Although undoubtedly anti-drug, the experiences of the addicts on "Intervention" support many of the criticisms of the War on Drugs.
As of September 2006, 53 percent of all federal inmates were incarcerated for drug offenses, according to the U.S Department of Justice's Bureau of Justice Statistics. The possibility of imprisonment scares addicts on the program, but a fair number of them have already been arrested for a variety of crimes without much impact on their behavior. Alcohol, a legal drug, arguably does the worst damage to the addicts' lives. This is especially true for alcoholic mother subjects who were supportive and successful for many years but now find themselves totally incapable of providing for their children. Lawrence, a hopeless cancer survivor and alcoholic featured in the fourth season, was the only person to die after his intervention.
The integrity of the filming process is important to the success of "Intervention" both as a program and as a means to help. In their commitment to ethics the crew has refused to purchase alcohol for desperate subjects more than once. Producers have also stepped in during critical moments, calling EMS after an alcoholic swallowed a bottle of prescription painkillers, or preventing another intoxicated subject from getting behind the wheel. Still, the media has not always been complimentary towards these prime-time presentations of extreme addiction and, consequently, confrontation.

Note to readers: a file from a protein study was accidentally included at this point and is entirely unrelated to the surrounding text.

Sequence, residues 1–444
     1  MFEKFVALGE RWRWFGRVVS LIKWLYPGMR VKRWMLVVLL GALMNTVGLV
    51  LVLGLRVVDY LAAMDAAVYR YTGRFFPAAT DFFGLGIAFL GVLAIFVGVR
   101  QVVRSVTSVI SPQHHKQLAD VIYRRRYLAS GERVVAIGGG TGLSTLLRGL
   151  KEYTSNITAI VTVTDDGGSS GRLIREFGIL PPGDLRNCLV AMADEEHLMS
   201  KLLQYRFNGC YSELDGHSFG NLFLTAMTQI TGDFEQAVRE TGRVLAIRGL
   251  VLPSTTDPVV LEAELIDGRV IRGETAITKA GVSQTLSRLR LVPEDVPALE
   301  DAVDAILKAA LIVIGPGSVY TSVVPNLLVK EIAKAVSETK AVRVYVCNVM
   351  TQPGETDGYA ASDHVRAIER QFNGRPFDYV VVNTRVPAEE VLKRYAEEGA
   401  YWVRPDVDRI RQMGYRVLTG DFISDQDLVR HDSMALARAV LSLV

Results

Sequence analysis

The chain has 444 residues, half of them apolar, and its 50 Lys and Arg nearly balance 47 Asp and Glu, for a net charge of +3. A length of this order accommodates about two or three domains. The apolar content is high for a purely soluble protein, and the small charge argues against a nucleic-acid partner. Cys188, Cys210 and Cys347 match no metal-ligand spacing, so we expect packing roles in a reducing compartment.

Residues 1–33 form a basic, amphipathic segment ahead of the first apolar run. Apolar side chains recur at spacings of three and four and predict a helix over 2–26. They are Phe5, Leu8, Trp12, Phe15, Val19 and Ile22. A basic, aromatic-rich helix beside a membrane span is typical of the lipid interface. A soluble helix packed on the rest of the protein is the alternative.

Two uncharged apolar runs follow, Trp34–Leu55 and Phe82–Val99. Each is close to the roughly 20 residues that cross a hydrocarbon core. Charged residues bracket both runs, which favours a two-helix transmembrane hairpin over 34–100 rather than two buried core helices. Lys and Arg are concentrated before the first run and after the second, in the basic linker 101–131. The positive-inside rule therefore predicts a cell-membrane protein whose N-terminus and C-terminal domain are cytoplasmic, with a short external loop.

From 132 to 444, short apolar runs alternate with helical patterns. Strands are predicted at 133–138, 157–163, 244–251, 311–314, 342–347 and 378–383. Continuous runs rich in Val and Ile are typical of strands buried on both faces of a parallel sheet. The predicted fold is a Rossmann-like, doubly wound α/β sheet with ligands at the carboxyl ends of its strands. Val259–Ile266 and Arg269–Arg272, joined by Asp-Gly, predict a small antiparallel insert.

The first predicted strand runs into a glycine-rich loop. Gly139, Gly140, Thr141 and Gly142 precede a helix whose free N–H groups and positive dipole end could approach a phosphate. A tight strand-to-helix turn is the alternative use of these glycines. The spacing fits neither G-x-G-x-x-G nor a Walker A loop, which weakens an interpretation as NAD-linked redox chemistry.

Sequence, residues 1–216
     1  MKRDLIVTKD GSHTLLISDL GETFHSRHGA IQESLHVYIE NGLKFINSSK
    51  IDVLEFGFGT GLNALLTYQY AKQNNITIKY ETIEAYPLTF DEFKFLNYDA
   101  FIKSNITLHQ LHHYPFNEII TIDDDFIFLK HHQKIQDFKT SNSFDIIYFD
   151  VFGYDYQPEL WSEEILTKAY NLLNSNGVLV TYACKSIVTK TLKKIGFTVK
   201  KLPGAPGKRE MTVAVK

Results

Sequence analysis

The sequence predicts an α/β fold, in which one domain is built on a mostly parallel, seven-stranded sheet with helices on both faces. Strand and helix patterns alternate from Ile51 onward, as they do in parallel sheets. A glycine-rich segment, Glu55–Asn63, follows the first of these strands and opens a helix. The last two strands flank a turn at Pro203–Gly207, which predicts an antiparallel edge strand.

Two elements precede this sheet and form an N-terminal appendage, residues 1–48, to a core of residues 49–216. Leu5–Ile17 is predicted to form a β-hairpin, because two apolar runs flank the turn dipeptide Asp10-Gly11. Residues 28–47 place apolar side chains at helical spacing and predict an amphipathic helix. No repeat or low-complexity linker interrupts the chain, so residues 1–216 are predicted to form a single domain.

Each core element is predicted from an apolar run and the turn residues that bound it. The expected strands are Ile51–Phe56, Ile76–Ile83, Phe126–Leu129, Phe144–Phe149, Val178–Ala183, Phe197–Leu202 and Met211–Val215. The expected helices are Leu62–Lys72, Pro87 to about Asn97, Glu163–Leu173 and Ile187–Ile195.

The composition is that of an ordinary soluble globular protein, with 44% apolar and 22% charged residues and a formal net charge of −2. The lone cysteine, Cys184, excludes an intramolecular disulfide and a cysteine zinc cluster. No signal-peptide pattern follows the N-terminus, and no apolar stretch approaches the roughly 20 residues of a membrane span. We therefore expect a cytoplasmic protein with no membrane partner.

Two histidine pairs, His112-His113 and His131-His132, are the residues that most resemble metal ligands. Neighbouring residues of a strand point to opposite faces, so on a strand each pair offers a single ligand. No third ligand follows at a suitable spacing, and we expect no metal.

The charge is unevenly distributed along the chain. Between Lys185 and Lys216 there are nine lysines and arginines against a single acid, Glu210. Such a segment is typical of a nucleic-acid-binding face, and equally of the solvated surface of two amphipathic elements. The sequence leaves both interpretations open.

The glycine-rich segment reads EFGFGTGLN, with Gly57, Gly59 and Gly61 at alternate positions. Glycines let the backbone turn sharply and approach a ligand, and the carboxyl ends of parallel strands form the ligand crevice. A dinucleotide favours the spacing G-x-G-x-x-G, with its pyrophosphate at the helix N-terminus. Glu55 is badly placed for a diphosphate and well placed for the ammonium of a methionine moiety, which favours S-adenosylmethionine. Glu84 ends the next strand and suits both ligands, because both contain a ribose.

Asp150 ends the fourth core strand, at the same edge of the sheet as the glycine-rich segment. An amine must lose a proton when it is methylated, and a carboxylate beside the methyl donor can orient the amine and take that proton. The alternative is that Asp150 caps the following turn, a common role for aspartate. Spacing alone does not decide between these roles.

Matthew Gilbert of The Boston Globe put it as such: "Even if they later approve their participation in 'Intervention,' the process of deception that preceded the final permission is repellent. No amount of inspirational reality TV can justify that kind of trick."
What Gilbert fails to note is that all interventions, filmed or not, rely on the element of surprise. An addict living in a state of denial would never submit to being confronted with the consequences of their actions. Gilbert wrongly assumes that viewers tune into "Intervention" for the same surprise elements of shows like "Punk'd." On the contrary, the show's message boards on the AE site reveal that many viewers find comfort in watching people struggle with problems they have dealt with also. After considering the lives saved as a result of the treatment provided by the program and the quality of psychological and sociological education the show offers, whatever kind of "trick" the show's detractors imagine is justified.
"Intervention" ultimately provides an example of hope; the hope that individuals and whole families can drastically improve their lives with the proper help and understanding.
Meet The Players
The program's interventionists are the midwives of the process, helping dysfunctional and bewildered families come together to improve the addict's life. Candy Finnigan and Ken Seeley, both former addicts, bring a sensitivity and strength that makes them fan favorites. But interventionist and author Jeff Van Vonderen makes many "Intervention" devotees cringe. Here's why:
? He looks and talks like Dr. Phil.
? He uses white boards to map out the intervention process for the family, like he's John Madden.
? He uses the same canned phrases in each episode.
? His stubborn attitude threatens to ruin addict's chances of actually accepting help.